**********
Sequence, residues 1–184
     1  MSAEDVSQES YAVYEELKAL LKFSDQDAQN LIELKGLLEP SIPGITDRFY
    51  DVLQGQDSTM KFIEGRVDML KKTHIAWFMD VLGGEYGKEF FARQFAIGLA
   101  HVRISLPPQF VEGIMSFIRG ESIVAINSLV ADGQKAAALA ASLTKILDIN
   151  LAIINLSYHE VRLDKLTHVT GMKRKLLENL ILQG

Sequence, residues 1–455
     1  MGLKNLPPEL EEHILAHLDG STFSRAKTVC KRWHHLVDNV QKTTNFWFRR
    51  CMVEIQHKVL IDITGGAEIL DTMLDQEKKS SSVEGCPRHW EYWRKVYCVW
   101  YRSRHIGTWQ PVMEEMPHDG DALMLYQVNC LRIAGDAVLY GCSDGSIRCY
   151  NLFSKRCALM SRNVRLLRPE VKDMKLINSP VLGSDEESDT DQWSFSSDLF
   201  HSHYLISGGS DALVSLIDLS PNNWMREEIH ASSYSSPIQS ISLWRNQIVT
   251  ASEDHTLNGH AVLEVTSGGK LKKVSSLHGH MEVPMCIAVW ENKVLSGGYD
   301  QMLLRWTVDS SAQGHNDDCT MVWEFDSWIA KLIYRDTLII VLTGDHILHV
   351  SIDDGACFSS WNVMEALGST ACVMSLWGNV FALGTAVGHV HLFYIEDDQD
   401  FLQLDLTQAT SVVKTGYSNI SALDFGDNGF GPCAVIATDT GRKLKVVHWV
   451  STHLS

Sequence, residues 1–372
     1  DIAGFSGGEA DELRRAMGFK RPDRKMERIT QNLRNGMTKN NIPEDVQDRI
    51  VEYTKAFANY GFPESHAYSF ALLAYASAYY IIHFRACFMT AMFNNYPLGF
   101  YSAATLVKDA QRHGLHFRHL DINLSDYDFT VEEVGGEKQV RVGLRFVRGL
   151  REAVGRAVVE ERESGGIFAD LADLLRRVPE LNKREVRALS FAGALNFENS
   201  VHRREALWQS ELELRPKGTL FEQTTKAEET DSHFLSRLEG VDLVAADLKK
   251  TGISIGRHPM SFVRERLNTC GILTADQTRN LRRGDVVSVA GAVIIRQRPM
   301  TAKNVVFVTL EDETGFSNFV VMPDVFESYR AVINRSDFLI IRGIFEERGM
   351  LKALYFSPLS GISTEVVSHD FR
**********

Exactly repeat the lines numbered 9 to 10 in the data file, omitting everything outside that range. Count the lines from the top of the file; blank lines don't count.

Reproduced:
   101  YRSRHIGTWQ PVMEEMPHDG DALMLYQVNC LRIAGDAVLY GCSDGSIRCY
   151  NLFSKRCALM SRNVRLLRPE VKDMKLINSP VLGSDEESDT DQWSFSSDLF